Netflix cloaks itself in Marvel superheroes

The online video site has cut a deal with Marvel parent Disney for a number of series based on Daredevil, Iron Fist, Luke Cage, and other super-powered characters.

Lance Whitney Contributing Writer
Lance Whitney is a freelance technology writer and trainer and a former IT professional. He's written for Time, CNET, PCMag, and several other publications. He's the author of two tech books--one on Windows and another on LinkedIn.
Lance Whitney
2 min read

Netflix is adding live-action series of Daredevil and other Marvel heroes to its lineup.
Netflix is adding live-action series of Daredevil and other Marvel heroes to its lineup. Screenshot by Lance Whitney/CNET

Marvel fans will be able to get their superhero fix in 2015 when Netflix unveils four different live-action series based on comic book characters.

In a deal announced Thursday between Marvel owner Disney and Netflix, the lineup will debut with a show focused on Daredevil, the red-clad adventurer whose alter ego is blind attorney Matt Murdock. Another series will focus on Jessica Jones, a superhero who's gone through a few different identities in the Marvel universe.

A third series will cover the exploits of Iron Fist, a hero known for his martial arts skills, followed by a fourth series featuring Luke Cage, a street-savvy hero with steel-hard skin and powers to match.

Netflix promises that the series will take viewers into "the gritty world of heroes and villains of Hell's Kitchen, New York." So far, all four series have received a commitment of 13 episodes each, guaranteeing at least one full season apiece.

The capper to the four shows will be a miniseries based on Marvel's Defenders, a team that in the Marvel comic book universe has included the Hulk, the Silver Surfer, Dr. Strange, and the Sub-Mariner. Netflix has dubbed its version of the the Defenders a "team of self-sacrificing, heroic characters."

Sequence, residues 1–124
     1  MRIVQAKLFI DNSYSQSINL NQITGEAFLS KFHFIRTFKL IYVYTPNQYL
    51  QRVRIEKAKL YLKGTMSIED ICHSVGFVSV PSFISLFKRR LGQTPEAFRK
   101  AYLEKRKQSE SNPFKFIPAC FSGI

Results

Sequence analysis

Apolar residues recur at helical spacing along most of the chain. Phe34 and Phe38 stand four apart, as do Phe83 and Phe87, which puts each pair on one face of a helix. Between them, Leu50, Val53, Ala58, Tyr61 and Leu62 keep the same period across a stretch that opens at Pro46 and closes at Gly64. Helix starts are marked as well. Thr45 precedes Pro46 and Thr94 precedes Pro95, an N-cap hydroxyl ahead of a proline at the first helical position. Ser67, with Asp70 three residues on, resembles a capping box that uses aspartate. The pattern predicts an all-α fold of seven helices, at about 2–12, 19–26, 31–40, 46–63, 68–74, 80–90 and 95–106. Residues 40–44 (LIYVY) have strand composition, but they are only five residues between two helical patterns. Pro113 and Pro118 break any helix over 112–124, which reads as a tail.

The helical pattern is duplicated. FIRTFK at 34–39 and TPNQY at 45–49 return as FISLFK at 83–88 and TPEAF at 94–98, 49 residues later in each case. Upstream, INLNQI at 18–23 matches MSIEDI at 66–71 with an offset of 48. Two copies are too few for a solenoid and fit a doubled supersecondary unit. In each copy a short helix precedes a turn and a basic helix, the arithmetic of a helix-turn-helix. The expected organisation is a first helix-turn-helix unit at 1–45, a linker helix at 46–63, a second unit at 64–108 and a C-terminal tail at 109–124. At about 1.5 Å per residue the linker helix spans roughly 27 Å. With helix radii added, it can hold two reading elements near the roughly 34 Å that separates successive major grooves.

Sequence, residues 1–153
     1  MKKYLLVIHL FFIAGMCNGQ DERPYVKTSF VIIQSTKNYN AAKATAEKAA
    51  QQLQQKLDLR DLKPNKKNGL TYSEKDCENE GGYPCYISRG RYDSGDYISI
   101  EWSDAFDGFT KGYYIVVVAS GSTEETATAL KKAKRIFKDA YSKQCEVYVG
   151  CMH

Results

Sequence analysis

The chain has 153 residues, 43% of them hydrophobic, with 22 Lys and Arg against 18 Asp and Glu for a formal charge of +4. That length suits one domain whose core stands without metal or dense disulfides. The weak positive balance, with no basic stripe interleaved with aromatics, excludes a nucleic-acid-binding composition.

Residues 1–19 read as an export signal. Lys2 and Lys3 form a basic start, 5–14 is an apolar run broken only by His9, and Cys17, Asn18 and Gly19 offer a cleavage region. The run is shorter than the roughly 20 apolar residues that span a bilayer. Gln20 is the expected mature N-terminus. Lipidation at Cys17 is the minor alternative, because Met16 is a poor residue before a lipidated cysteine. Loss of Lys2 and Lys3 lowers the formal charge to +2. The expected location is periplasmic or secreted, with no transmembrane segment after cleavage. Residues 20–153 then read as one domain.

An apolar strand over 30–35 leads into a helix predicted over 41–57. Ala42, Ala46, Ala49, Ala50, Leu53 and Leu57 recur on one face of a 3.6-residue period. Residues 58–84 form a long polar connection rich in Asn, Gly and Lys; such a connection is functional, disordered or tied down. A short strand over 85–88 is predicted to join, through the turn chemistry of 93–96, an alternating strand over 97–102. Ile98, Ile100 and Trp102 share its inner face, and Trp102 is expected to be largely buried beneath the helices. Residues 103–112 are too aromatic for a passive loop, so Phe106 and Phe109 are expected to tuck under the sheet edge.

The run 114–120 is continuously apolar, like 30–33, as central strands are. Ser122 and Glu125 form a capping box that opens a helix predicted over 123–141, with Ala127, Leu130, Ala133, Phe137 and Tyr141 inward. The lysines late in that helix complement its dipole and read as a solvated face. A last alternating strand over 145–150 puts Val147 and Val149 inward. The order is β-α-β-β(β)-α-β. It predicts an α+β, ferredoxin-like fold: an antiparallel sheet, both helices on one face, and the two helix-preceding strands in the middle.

"This deal is unparalleled in its scope and size, and reinforces our commitment to deliver Marvel's brand, content, and characters across all platforms of storytelling," Marvel Entertainment president Alan Fine said in a statement. "Netflix offers an incredible platform for the kind of rich storytelling that is Marvel's specialty. This serialized epic expands the narrative possibilities of on-demand television and gives fans the flexibility to immerse themselves how and when they want in what's sure to be a thrilling and engaging adventure."

The deal seems like a super coup for Netflix, which has already done well with "House of Cards" and other original series. Thanks to "The Avengers" and related Marvel comic book films, the new series should have a built-in audience eager to see more heroes on the small screen.

However, the commitment to four individual series could also be a gamble for Netflix. The heroes featured in the new shows are lesser-known characters in the Marvel universe and lack the star power of an Iron Man, a Thor, or a Captain America. Marvel's latest foray into TV is "Agents of SHIELD," created by "Avengers" director and cult favorite Joss Whedon. But the new series continues to slip in the ratings, according to Entertainment Weekly.

Daredevil, Luke Cage, and the other heroes will certainly appeal to many Marvel fans. But Netflix and Marvel will need to make sure the episodes are exciting and enticing enough to draw in an even wider number of viewers.